propagation, such as thermal protection, fire containment, or other 
means, as addressed in advisory circular AC 25-16, ``Electrical Fault 
and Fire Prevention and Protection,'' dated April 5, 1991.
    The purpose of the smoke/fire detection systems is to accomplish 
one or more of the following: Automatically shut off power to the 
affected equipment; reconfigure the environmental control systems, if 
necessary, to control any smoke resulting from a fire or overheat 
condition; or alert the crew to the existence of the fire.
    These alternate criteria that the FAA has developed to certify 
airplane designs that incorporate distributed electrical/electronic 
equipment bays are based on existing smoke/fire detection and smoke 
penetration guidance and acceptable past practices. Sections 25.831(b), 
(c), and (d), and 25.869 provide the general requirements that apply to 
electrical/electronic equipment smoke penetration and evacuation. 
Flight tests are conducted to demonstrate compliance; however, the 
amount of smoke generated and flight test conditions have been highly 
variable.
    The special conditions below require a smoke or fire detection 
system in each electrical/electronic equipment bay located in the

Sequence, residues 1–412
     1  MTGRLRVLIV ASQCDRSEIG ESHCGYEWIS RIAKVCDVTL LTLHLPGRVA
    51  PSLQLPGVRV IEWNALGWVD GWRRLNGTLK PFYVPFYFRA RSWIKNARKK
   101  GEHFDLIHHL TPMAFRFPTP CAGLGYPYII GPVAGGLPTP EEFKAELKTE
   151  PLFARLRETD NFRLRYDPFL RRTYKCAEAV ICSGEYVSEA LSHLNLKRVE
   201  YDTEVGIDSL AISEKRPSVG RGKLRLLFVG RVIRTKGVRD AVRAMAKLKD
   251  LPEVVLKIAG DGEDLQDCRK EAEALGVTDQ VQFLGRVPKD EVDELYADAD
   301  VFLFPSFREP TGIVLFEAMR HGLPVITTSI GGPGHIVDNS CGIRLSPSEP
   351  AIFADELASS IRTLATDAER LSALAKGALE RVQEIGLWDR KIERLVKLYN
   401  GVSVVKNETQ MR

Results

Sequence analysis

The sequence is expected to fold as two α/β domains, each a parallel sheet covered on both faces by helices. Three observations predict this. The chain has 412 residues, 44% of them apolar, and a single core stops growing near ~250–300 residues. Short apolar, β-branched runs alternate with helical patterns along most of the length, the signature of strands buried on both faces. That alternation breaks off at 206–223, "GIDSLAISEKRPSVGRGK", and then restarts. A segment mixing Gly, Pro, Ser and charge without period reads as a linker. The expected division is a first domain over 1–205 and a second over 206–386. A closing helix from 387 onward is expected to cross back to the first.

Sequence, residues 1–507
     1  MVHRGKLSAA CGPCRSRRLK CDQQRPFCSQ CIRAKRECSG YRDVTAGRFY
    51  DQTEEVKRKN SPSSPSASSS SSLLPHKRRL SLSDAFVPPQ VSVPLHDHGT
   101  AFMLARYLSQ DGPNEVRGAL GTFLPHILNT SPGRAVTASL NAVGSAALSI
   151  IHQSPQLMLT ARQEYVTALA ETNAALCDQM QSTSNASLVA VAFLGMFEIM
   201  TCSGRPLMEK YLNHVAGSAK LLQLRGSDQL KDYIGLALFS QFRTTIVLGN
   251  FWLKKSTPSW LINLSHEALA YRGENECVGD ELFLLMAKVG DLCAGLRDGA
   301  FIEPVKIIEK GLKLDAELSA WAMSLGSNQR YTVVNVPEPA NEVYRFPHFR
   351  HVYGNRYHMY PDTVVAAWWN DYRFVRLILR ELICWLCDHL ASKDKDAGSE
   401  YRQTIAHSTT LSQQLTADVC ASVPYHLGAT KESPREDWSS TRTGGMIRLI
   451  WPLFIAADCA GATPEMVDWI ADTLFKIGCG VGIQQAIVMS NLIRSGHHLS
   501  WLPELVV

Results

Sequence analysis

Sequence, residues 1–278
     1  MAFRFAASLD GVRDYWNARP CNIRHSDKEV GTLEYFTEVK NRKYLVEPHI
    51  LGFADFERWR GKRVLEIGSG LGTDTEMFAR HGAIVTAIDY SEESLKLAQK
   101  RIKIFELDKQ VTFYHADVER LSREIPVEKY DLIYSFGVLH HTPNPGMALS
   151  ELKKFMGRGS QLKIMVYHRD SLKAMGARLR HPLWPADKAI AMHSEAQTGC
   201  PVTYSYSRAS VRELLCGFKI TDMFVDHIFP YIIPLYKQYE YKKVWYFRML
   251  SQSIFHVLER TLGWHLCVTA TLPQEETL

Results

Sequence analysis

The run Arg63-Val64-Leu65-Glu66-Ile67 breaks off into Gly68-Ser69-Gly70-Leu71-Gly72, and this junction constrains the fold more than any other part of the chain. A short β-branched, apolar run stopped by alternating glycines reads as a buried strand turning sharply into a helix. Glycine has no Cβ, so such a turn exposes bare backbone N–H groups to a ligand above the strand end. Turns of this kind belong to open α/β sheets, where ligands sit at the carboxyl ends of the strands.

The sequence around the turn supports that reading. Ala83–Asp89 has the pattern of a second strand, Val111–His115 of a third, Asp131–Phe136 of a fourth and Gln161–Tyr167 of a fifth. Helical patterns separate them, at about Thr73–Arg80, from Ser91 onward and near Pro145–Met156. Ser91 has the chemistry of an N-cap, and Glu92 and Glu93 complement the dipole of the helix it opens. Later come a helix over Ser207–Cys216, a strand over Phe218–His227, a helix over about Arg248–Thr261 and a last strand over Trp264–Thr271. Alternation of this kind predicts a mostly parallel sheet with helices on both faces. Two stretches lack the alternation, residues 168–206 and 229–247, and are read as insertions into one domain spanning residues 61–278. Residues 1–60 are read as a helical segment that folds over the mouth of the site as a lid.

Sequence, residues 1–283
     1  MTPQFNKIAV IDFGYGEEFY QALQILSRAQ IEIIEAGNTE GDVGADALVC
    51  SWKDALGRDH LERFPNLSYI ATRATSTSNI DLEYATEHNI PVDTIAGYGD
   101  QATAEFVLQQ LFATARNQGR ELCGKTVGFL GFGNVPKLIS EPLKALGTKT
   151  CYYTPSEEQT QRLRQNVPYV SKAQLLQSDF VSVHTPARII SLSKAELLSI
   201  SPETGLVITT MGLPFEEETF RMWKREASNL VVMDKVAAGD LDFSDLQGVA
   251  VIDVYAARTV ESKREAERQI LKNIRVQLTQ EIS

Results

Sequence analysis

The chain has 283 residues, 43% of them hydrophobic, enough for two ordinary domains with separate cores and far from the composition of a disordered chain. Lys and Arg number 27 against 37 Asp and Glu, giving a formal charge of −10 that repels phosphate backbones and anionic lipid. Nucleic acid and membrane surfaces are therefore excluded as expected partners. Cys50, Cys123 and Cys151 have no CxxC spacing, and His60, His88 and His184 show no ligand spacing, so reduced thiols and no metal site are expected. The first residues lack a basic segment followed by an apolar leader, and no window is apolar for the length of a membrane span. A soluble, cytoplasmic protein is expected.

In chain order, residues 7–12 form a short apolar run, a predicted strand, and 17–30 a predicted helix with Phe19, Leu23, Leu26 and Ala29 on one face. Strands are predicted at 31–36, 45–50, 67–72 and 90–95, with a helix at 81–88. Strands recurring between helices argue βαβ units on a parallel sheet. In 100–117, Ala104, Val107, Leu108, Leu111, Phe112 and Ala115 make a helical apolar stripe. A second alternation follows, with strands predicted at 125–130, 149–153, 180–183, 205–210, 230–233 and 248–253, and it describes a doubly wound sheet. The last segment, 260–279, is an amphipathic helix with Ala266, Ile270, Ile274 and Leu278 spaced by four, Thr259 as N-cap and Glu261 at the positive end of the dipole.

pressurized compartment. They also include requirements to prevent 
propagation of hazardous quantities of smoke or fire extinguishing 
agent throughout the passenger cabin.
    These special conditions contain the additional safety standards 
that the Administrator considers necessary to establish a level of 
safety equivalent to that established by the existing airworthiness 
standards.

Applicability

    As discussed above, these special conditions are applicable to the 
ERJ 190-300 series airplanes. Should Embraer S.A. apply at a later date 
for a change to the type certificate to include another model 
incorporating the same novel or unusual design feature, these special 
conditions would apply to that model as well.

Conclusion

    This action affects only certain novel or unusual design features 
on one model series of airplanes. It is not a rule of general 
applicability.

List of Subjects in 14 CFR Part 25

    Aircraft, Aviation safety, Reporting and recordkeeping